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How do you introduce a new pet to your home?

Published on June 15th 2023

BB introduction

Already have a pet at home and want to adopt another? Great! To make sure the transition goes as smoothly as possible, it's important to follow certain introductory steps. 👇

A few general rules

  • Always keep a close eye on your pets' body language: if you see that they're not at ease, give them some space away from each other. Avoid rushing the relationship and respect their rhythm!
  • The resident animal, the one you already had, must retain its privileges and not feel it's losing anything.
  • Try to create positive associations, either with treats or pleasant activities! The animal needs to associate the other with something pleasant.
  • Never leave the animals alone together until you're completely sure it's safe. This can take weeks, even months!
  • If necessary, call in a professional.

Introducing two dogs

At the SPCA de l'Outaouais, we organize a meeting between the dogs right here at the shelter, before proceeding with the adoption. This allows us to supervise the first meeting a little and see if there's a good chemistry between the animals.

When you bring Pitou home, let the two dogs get to know each other in a neutral place, like a park. A fenced-in yard also works well. The important thing is to avoid immediately bringing the new pet into the other's "territory" in the house!

Then let the dogs get a feel for each other and get to know each other, while keeping an eye on their body language and being ready to intervene in the event of a quarrel. It's best to avoid toys, as dogs may want to protect "their" resource and fight!

Finally, keep in mind that animals are like us: when we make new friends, we create a relationship step by step, and that goes for dogs too. Respect their rhythm and don't be surprised if they don't become best friends from the very first second!

Over the following weeks, if you feel the tension has eased and the dogs are comfortable together, you can start to let them interact more together, possibly alone if it feels safe. Before doing so, avoid leaving them alone (at night, for example, put them in separate rooms to avoid incidents).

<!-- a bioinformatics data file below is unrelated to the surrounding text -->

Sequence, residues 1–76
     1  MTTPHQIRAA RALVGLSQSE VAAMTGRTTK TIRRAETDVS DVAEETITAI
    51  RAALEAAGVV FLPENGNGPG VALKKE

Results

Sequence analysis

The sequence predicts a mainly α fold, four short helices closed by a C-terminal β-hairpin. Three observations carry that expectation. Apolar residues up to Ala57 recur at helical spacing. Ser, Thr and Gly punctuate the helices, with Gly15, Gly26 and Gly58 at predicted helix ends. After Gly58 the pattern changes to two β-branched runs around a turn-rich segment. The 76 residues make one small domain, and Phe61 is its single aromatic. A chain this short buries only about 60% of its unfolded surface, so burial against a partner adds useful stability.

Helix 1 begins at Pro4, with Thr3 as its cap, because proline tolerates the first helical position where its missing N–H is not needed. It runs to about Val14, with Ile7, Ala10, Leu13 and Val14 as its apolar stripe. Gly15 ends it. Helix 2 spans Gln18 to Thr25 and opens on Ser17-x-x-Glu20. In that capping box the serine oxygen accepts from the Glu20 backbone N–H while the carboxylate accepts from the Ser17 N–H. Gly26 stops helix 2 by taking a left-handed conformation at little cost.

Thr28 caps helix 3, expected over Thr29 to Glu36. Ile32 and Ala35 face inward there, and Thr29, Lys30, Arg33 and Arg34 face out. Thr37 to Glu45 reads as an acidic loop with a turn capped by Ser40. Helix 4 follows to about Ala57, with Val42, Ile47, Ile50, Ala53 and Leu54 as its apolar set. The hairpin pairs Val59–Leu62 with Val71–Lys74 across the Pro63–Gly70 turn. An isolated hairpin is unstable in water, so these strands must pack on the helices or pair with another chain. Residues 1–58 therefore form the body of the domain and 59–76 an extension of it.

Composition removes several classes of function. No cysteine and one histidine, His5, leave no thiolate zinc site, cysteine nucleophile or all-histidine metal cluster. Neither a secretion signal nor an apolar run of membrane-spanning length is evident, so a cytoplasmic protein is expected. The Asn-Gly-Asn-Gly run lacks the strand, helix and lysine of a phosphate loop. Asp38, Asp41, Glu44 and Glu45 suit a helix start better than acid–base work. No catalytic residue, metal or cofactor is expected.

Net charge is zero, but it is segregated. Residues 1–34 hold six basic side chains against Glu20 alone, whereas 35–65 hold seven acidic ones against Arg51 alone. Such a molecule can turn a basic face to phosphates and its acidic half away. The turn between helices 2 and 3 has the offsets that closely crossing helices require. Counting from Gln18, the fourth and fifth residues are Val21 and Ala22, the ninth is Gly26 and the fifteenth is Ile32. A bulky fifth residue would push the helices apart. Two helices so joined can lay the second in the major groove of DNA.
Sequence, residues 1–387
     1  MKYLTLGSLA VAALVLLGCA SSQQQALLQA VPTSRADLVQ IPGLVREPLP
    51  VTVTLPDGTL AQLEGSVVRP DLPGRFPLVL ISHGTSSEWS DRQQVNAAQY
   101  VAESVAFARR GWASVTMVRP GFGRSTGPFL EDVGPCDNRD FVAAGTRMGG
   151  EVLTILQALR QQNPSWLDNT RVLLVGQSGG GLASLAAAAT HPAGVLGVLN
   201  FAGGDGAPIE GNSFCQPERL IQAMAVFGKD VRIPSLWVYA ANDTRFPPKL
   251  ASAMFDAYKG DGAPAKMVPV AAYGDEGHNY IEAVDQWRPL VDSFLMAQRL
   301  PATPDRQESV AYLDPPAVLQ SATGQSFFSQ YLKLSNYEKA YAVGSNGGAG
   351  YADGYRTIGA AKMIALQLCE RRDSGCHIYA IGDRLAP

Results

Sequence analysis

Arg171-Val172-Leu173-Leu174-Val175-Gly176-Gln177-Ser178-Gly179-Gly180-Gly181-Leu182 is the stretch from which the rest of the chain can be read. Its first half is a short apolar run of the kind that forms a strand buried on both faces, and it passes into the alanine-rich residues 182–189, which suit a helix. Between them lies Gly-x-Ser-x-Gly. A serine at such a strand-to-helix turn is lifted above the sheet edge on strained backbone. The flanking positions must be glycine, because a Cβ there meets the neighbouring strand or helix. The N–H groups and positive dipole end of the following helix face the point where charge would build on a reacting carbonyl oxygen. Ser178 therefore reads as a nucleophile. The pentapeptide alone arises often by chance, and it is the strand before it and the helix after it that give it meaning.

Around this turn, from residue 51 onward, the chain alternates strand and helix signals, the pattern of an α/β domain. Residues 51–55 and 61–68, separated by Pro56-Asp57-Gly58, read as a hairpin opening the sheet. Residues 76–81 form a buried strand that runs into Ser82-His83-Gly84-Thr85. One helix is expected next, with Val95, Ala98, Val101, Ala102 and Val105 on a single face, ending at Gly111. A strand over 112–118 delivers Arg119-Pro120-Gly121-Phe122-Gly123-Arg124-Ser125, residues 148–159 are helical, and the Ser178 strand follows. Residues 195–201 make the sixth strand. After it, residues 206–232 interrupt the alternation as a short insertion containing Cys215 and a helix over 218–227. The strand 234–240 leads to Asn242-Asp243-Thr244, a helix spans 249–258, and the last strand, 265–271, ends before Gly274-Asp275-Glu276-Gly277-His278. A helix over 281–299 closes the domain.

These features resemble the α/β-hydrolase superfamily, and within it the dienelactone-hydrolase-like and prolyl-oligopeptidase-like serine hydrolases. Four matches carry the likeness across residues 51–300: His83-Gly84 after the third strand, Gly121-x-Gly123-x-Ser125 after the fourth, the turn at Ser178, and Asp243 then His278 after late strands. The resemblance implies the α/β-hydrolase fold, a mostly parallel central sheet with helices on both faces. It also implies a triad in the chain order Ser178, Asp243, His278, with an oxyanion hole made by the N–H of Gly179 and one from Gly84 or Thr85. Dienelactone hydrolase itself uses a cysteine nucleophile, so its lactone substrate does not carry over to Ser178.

Introducing cats and dogs

Once again, put safety first and avoid circumstances conducive to incidents. Keep the dog on a leash until you're sure he won't behave aggressively towards the cat.

Make sure that Minou has hiding places and that he can take refuge in high places when the dog is present, such as a cat tree. As long as you have a cat and a dog at home, you'll need to provide Minou with places that the dog can't access when he needs a break.

Next, try to produce pleasant associations, for example by giving treats to the animals while they are in each other's presence! Once again, it's imperative to respect each animal's rhythm and make sure there's no tension before moving on to the next stage. If you try to force a friendship, it's a recipe for disaster!

Introducing two cats

This is a desensitization process: you need to give them time to get used to each other and, once again, create positive associations.

For the first few days, or even weeks, leave the new pet in a separate room until it becomes comfortable. Then begin to introduce the animals quietly, in stages: offer each a bowl of food on either side of a fenced door, then gradually move the bowls closer together over the days if all goes well, until you can remove the fence.

The key to avoiding feline squabbles is to multiply resources. Avoid having to fight over litter or food by creating a little corner for each cat.

Bear in mind, too, that cats are independent and rather solitary animals, so they may never become "best friends". If you're thinking of adopting a 2e feline, do it for yourself, not for your pet, who may look "bored"!

Good introduction!